London Film Festival 2020: Herself

CW: domestic violence, abuse

There is a shot in Phyllida Lloyd’s exceptional Herself, during a wince-inducing scene of domestic violence, that reminded me of something out of a horror movie. Our heroine Sandra lies on the floor, hair over her face, arm outstretched, as she tries to get away from her abuser. It is an image that the film keeps returning to. The fear, the horror of it punctuates a film that is warm, joyful and contains an unwavering sense of hope, reminding us of what is at stake here, and of the incident that informs Sandra’s mindset throughout.

The Problem

Sandra, played by the film’s co-writer Clare Dunne, is a mother to two lively, funny daughters (Molly McCann and Ruby Rose O’Hara); which is how we meet her, dancing and playing with her girls. Before long, however, we are introduced to abusive partner Gary (Ian Lloyd Anderson), and the horrific reality Sandra faces every day. The aforementioned attack that comes is tough viewing, but well-handled by Lloyd and her team.

Having fled Gary and their home, Sandra is left on a seemingly endless waiting list for government housing, forced to live out of one hotel room with her children. Delights they may be, but Sandra’s daughters are young and need plenty of attention. The mother’s attempts to juggle this attention with work down at the local pub and caring and cleaning for an injured doctor (Harriet Walter) are exhausting to watch, let alone live.

London Film Festival 2020: Herself
source: Picturehouse Entertainment

The first act of the film is an excellent introduction to the difficulty of Sandra’s situation, and the exasperation she feels on a daily basis, whilst always living with the memory of Gary’s abuse. Dunne excels in the lead role, bringing a perfect mix of fear and stoicism. What’s more, the character feels lived in, complete. Dunne does not give a film-length performance but creates a character that existed before we met her, and will live on long after we leave the cinema.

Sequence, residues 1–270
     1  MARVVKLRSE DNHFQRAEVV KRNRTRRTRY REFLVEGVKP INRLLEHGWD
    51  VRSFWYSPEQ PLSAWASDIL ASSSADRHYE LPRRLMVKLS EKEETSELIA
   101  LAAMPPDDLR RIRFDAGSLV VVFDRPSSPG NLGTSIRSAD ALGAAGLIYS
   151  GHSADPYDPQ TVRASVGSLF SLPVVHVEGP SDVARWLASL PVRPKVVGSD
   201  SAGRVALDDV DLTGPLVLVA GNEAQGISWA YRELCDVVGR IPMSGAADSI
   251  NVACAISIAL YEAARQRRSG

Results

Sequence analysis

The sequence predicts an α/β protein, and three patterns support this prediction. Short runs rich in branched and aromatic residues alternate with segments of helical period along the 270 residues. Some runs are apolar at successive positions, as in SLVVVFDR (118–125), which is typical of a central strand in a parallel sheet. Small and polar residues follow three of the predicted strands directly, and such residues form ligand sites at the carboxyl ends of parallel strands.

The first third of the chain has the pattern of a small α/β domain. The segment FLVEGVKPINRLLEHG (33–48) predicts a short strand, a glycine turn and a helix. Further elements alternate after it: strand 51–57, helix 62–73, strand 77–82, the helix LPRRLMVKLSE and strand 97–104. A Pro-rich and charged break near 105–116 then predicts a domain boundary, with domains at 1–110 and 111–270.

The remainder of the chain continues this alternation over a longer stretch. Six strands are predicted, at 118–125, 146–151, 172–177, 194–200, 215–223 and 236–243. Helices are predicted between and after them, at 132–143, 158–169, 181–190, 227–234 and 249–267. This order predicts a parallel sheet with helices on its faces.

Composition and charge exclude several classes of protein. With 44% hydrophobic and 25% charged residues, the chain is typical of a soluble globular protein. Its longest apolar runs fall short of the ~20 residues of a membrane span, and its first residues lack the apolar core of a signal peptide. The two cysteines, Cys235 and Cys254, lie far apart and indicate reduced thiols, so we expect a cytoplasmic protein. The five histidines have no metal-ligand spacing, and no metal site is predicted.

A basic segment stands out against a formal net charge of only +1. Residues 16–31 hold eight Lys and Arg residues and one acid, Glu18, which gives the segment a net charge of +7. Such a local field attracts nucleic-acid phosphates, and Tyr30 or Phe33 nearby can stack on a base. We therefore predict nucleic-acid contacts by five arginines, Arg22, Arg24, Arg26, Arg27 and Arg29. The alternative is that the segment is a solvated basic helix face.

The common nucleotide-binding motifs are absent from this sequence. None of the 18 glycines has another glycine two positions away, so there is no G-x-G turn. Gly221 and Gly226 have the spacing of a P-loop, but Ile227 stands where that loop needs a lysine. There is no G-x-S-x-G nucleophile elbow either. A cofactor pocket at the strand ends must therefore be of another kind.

The Solution

With a house of her own lightyears away and money tighter than ever, Sandra hits upon an idea to seize control of her own destiny. After stumbling across a rather extreme ‘life hack’ on YouTube, Sandra makes the perhaps ill-advised decision to build her own house. Except she doesn’t have any land to build it on or money to buy said land.

In steps the injured doctor, who offers Sandra the bottom of her garden and a loan of the construction money to help make the dream a reality. Walter, one of Britain’s great acting Dames, brings more than a warm, kindly nature to the role, investing her instead with low-level anger and resentment at how this young woman has been treated. Conleth Hill’s grumpy but benevolent builder and a host of volunteers also join to bring a life-affirming warmth into the film.

The plan does not go unhindered, of course, and it is in this mixture of hope and hardship that the film really soars. Throughout, Lloyd’s film is a tough yet rewarding experience: never too bleak, but with enough heft to really sink in. Moments of near-ecstasy are punctuated with jolting flashbacks and the constant threat Gary poses.

As Sandra tries to slot in the building of a house alongside her existing work and childcare, their co-parenting arrangement becomes increasingly fraught, culminating in an unbearably tense courtroom scene. It is an electrifying standout in a film full of dramatic peaks, and a scene that only works thanks to the consistent quality of the film as a whole.

London Film Festival 2020: Herself
source: Picturehouse Entertainment

There is nothing flashy, stage, or even particularly noteworthy about the way Lloyd frames the legal showdown; instead, it relies on our pre-existing investment in its participants. Dunne’s magnificent performance up to this point, and the emotional pull of her and Malcolm Campbell’s script, allow a fairly straightforward set-piece to then really fly.

Conclusion: The Scope

A small-scale, intimate story of strength and friendship it may be, but Herself has a thematic reach well beyond its plot. As a comment both on a housing crisis and the suffocating, inescapable impact of domestic abuse, it has profound, international resonance. Particularly astute is the depth given to the abuse shown on screen, where manipulation and gaslighting are portrayed in clear, effective terms.

That said, Dunne has been quick to say that her character should not be viewed as a victim. Indeed, the film is at pains to show the strength and power of Sandra and those around her, quietly making her abuser into the weak, belittled party. One scene, right at the film’s close, hits upon the resilience and unity of its women, and may well move you to tears.

Herself is a heart-rending portrait of a woman taking control of her future. What other films show characters putting matters into their own hands when the system fails them? Let us know in the comments!

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